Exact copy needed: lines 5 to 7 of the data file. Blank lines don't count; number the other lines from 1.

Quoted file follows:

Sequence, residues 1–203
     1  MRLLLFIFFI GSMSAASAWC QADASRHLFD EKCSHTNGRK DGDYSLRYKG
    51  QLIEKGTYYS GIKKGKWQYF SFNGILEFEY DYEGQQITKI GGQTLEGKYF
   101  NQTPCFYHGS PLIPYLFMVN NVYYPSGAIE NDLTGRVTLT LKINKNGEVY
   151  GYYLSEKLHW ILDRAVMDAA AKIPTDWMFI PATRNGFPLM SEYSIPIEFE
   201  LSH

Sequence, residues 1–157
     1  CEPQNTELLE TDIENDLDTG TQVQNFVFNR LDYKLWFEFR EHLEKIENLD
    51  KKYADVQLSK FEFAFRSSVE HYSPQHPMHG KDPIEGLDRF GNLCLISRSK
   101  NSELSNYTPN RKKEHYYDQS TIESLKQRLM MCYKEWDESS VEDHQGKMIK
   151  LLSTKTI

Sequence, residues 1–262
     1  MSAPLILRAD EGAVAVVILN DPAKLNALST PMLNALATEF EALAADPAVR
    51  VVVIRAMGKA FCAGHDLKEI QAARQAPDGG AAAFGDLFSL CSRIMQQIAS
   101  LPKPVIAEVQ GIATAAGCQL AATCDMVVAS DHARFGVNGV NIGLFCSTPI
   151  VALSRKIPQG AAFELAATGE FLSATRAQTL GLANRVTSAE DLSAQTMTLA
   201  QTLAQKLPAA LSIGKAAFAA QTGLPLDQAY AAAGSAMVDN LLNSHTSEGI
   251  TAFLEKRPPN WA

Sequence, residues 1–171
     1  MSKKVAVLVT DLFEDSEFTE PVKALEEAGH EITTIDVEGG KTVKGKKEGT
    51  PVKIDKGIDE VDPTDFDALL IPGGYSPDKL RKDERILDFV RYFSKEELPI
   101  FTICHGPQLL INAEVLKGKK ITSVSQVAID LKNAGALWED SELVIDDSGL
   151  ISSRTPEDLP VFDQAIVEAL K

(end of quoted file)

   151  GYYLSEKLHW ILDRAVMDAA AKIPTDWMFI PATRNGFPLM SEYSIPIEFE
   201  LSH

Sequence, residues 1–157